The romance between Kai and Ellie was completely swoonworthy. The beautiful friendships and romances that developed over the backdrop of such a bleak world added so much hope to this story. One thing I especially appreciated about the romance here is that there was no “woe is me, I love this boy, but we are from different times… whatever shall I do?!” narrative from Ellie. She loved Kai, and she just let herself love him without all of the angst, and vice versa. This story and these characters already had enough angst without an unnecessarily angsty romance, so that was much-appreciated. They had undeniable chemistry, and seriously, I’m not usually a shippy person, but I will go down with this damn ship. They deserved the happiness the other person brought them in such a bleak world, okay???
Obviously, the setting was dark as hell. I mean, one timeline chronicles a Jewish boy during the Nazi regime through his time in the ghettos and in a concentration camp, and the other chronicles three people of historically persecuted groups in freakin’ communist East Berlin in the 1980’s. I have read books set during the Holocaust, but none set in East Germany. I really enjoyed (that’s a strange verb to use, but whatever) reading about this particular city during this particular time. You really got a sense of the fear and hopelessness that had settled over the city by this point, but also of the spark of rebellion that stayed alive til the very end and ultimately helped bring about the demise of this oppressive regime. So, yes, the setting is decidedly grim– and Locke doesn’t shy away from the horrors of either of these time periods– but the relationships and the characters are what make the story bearable to read instead of just a giant black hole of sadness.
I don’t want to go too into detail here about the magical elements, because I think they’re fun to discover on your own. I will say that I thought the balloon magic was incredibly unique; I’ve never read anything like it. I love that it was equation-based– it was rooted in logic, but also it wasn’t entirely logical, because, like, it was still magic. I hope we get to learn more about the magic of this world in the next installment! I still have so many questions. The story also features a mystery element. I mean, clearly Ellie was not supposed to end up at the point in time where she did, and throughout the book the characters try to puzzle out how a malfunction in the balloon that caused her time travel could even be possible. The “whodunnit” was admittedly pretty predictable, but nonetheless gutwrenching to read about. Oh, also, you might be wondering why I only gave this book 4.5 stars instead of a full 5, since I loved it so much. The pacing felt a little bit slow to me at some points– there was a lot of Ellie just sitting around in the safehouse apartment toward the middle of the book. However, the rest of the book completely made up for the slightly off pacing at certain points.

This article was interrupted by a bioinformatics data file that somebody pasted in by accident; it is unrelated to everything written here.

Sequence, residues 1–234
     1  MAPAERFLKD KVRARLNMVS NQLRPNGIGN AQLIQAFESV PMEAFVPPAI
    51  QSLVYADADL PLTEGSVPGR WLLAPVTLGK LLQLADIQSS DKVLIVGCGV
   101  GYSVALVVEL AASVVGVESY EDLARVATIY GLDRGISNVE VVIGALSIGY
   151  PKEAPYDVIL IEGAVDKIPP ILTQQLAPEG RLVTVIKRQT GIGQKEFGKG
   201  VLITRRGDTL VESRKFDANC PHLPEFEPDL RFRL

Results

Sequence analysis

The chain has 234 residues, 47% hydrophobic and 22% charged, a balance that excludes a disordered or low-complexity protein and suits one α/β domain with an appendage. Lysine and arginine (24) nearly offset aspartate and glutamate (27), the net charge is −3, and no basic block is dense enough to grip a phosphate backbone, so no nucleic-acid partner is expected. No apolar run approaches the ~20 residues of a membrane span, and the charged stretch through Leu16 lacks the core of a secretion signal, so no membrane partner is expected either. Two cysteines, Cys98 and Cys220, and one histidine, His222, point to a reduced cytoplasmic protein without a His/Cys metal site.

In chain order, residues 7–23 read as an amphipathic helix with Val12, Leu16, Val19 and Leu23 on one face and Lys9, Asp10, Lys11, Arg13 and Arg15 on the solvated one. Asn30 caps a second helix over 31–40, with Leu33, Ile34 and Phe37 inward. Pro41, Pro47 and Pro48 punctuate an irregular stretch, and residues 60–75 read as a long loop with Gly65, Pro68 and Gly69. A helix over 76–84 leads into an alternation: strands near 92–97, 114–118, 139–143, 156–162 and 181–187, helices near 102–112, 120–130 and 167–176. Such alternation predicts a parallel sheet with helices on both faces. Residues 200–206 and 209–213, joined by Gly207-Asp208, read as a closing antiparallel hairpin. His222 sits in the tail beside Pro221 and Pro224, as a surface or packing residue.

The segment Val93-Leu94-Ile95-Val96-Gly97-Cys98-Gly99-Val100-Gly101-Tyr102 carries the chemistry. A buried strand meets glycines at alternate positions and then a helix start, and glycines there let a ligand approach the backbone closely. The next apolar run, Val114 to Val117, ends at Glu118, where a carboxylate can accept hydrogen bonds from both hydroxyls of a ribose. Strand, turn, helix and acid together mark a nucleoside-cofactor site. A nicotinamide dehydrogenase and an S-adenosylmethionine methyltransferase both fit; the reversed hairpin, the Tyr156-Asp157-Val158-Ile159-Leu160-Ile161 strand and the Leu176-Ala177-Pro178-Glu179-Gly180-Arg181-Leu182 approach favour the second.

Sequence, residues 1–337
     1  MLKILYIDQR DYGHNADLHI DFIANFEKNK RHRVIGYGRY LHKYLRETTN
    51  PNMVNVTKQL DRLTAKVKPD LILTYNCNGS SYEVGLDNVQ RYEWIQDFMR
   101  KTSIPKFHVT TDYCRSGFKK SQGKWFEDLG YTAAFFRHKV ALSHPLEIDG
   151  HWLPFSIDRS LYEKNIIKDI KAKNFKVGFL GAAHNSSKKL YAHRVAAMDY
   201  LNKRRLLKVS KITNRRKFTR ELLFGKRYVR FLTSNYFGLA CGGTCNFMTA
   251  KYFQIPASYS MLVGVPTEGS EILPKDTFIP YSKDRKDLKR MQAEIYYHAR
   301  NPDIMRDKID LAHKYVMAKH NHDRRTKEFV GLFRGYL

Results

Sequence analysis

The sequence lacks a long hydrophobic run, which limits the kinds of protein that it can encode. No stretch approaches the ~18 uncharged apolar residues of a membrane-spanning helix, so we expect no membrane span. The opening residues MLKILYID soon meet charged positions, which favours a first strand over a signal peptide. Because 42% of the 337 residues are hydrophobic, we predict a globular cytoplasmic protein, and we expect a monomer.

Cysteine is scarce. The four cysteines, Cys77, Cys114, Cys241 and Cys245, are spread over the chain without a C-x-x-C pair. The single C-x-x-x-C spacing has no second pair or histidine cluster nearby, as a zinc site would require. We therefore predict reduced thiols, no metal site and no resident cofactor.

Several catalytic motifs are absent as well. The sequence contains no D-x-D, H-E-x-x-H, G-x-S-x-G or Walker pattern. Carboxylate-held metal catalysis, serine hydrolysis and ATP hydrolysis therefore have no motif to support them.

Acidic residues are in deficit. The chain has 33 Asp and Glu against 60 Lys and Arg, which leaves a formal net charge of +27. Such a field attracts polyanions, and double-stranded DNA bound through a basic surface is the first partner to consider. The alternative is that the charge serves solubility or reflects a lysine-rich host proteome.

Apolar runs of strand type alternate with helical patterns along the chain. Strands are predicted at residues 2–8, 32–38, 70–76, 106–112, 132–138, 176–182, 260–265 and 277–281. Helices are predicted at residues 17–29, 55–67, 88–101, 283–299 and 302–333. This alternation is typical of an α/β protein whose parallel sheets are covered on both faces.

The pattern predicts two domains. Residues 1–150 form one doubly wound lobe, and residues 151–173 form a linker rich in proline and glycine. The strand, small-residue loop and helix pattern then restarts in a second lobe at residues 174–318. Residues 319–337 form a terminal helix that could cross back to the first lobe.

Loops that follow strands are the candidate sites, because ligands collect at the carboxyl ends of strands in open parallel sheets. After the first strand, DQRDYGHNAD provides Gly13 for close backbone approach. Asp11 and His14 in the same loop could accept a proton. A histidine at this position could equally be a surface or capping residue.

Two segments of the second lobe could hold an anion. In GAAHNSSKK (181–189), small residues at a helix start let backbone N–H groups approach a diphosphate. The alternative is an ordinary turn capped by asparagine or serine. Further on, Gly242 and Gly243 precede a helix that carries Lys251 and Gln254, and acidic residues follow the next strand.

Again, The Girl with the Red Balloon brought up so many questions I haven’t stopped thinking about since I finished it, especially about morality. This book is so deceptively deep. There are pages where you read a seemingly simple interaction or statement, but then the next thing you know, you think about it a little more and end up questioning your entire life and your beliefs. I should probably also mention the fact that this book had an astronomical emotional impact on me– this is the most I’ve cried while reading a book in years. YEARS. Probably since Clockwork Princess came out in 2012. Not only did I cry at random points throughout the book when something touched me, but I straight-up sobbed through the entire last 10% of the book, and, upon finishing it, cried for another half hour. The ending wasn’t even sad, just incredibly bittersweet and beautiful.
If you haven’t gathered it from my review, The Girl with the Red Balloon is one of the most powerful, emotionally impactful books I’ve read in my life. I cannot recommend this story highly enough to everyone.
Have you read The Girl with the Red Balloon? If so, let’s pleeeeaaase discuss because I have SO MANY FEELINGS ABOUT IT. If not, please tell me you plan to pick it up this fall?